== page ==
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In 1993 Essay, SNL‘s Ellen Cleghorne Tries to Predict What Queen Latifah, Public Enemy, and Ice-T Will Look Like in 2010

AUSTIN, TX - MARCH 12: Rappers Chuck D (L) and Flavor Flav of Public Enemy perform onstage at Samsung Galaxy Life Fest at SXSW 2016 on March 12, 2016 in Austin, Texas. (Photo by Rick Kern/Getty Images for Samsung)

This essay originally appeared in the February 1993 issue of SPIN, which was partially written and guest-edited by members of the SNL cast. SNL cast member Ellen Cleghorne takes a wild jab at what hip hop culture in America will look like 17 years later, in 2010, and worries about gentrification and what will come of the rap icons of the time.

Read interviews and stories from comedy icons of the era–Chris RockAdam SandlerTim MeadowsJulia Sweeney and others–in our package of highlighted stories from the issue. 

When I was a kid, not in my wildest dreams did I ever imagine that one day Ringo Starr would be hosting Shining Time Station. The former Beatles drummer starring on an insipid PBS kiddie show as a miniature conductor superimposed onto a cartoon background telling stories about how to live one’s life? Give me a break! Watching yesterday’s rock heroes grow old is tough; but envisioning today’s hip hop stars as old folks is some scary shit.

It’s the year 2010: Chris Smith and Chris Kelly, otherwise known as Kris Kross, are in their 30s. Chris Smith is the father of two five-year-olds—each by a different woman. (Come with me now, it’s just me dreaming America. You know, in reality he’ll probably be a grandfather by 30. Most black men are—if they know where and who their kids are.) His kids will be asking, “Dad, tell us again how in ’92 you had the whole world jumping at your every command. Just kids, right? Grown people? No way. Black and white? Wow! Unbelievable!” (Yeah, that’s how five-year-olds will talk in the next century, too. After all, by then, Nintendo and Sega Genesis cartridges will be like eight-track tapes—back, the stuff of wry comedians’ punchlines.)

Chris Kelly’s kids will be classmates of KRS-One’s grandkids—and N.W.A’s kids, too. Not in the ghetto, though, since South Central, the topic of most hard-core hip hop cuts, won’t be the ghetto anymore. It will be the new Beverly Hills—they’ll call it South Central Heights, ‘cause that’s the way life goes. You know, it’s called gentrification—slaves used to live in the village, now it’s homeless people selling used Pampers.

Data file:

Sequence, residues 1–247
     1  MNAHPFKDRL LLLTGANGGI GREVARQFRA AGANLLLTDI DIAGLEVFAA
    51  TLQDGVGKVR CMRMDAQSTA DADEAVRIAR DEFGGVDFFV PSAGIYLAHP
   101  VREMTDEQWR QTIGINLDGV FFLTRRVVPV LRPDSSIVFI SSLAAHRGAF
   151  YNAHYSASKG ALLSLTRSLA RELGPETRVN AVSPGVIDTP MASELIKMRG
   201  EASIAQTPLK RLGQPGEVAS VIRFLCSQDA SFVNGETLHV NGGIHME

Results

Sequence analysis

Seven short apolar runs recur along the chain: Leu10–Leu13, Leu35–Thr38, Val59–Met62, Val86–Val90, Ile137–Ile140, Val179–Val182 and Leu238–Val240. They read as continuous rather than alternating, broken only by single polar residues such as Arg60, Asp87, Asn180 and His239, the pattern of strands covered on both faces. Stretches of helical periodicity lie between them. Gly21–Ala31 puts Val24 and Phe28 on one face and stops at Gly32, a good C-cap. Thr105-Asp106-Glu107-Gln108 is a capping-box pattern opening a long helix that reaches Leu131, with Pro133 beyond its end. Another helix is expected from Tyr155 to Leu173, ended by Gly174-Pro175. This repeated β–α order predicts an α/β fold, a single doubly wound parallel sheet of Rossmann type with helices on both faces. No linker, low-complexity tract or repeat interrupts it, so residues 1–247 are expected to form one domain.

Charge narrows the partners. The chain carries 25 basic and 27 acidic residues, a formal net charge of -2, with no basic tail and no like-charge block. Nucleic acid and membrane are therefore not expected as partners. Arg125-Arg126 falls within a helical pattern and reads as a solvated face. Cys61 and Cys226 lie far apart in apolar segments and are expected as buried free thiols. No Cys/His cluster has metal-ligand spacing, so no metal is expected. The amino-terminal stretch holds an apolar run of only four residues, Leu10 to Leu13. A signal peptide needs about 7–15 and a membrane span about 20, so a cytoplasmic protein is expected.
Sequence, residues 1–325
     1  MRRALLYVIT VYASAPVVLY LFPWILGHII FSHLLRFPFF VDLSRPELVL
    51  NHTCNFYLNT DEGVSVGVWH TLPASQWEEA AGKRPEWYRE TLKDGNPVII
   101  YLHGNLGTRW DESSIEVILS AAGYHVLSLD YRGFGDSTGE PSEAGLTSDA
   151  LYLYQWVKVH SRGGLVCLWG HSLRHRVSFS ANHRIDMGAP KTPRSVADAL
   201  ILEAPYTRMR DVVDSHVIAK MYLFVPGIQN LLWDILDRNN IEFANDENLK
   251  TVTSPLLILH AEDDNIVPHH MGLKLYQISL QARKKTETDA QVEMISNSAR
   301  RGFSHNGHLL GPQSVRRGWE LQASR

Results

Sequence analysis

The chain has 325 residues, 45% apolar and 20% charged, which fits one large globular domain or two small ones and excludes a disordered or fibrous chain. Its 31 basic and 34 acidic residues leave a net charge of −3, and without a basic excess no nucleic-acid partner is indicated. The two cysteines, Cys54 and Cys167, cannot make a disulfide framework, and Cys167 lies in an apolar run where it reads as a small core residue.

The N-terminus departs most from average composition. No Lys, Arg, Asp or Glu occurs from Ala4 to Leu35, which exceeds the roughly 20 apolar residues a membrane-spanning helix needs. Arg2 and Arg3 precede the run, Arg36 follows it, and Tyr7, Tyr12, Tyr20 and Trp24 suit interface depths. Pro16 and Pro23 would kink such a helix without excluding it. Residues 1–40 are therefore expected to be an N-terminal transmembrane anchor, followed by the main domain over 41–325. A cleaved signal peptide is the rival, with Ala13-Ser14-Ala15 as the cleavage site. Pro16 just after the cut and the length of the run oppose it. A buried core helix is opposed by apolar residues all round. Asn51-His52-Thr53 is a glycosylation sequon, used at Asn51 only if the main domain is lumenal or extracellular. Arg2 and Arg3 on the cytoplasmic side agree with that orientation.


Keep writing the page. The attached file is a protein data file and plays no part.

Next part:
In 1992, Flavor Flav is rapping about how 911 is a joke while beating his woman Karen’s ass down a Queens boulevard. In 2010, it’ll be different: His teeth will be rotten, ‘cause he never brushed under the gold caps. And he’ll be doing commercials for Efferent: “I am a denture wearer and I play one on TV.” Flag’s grandkid will say, “Grandpa, exactly why did you have that big clock around your neck? Were you trying to make a statement about running out of time?” No, I was trying to learn to tell time. “In your videos, it looks like Chuck D did all the work and you just said, ‘Yea,’ a lot.” Yeah, I did, but people used to come to see me dance. “Grandpa, do you mind going in the other room for a while? You’re embarrassing me in front of my friends—you look more like a rodeo clown than a rapper in them clothes.” And of course, he’ll say, Shut the fuck up, you little bastard. I was the man.

And what about Chuck D? Give him till 2010, when Macauley Culkin is President. He’ll be the next Jesse Jackson, giving speeches that rhyme, gushing peace and racial harmony. “Hey, Chuck,” someone who remembers him from the way back will say. “Yo homey, what about ‘Bass, how low can you go? / Death row, what a brother know? Didn’t you say ‘Noriega had back’? ‘Power to the people and the beats’?” Yeah, I said those things—but it was a different time then. Now I’m on a crossover label. By the way, I”m going to be hosting a new version of an old game show called Name That Tune. I’m kind of the new Bill Cosby. Only difference is, if you miss a question, you get shot. It’ll be sponsored by the National Rifle Association.

Queen Latifah, 2010, joins Hattie MCDaniel and Whoopi Goldberg as the third black woman to win the Academy Award for best supporting actress. The movie? Gone With the Wind: The Next Generation. And with her new Academy Award status, Latifah will be chosen as the replacement for the aging Vanna White, turning letters on Wheel of Fortune.

Ice-T will be starting to plan a run for President in 2012—with two Academy Awards under his belt. He’ll be married to Mary Stuart Masterson (“Damn, she can fry up some tomatoes,” he’ll be quoted as saying in People magazine). And he’ll be denouncing everything: “Cop killer” was a figure of speech. Cops are our friends—the Rodney King thing was self-provoked. And guess who’ll be his running mate. Did someone say David Duke? I didn’t.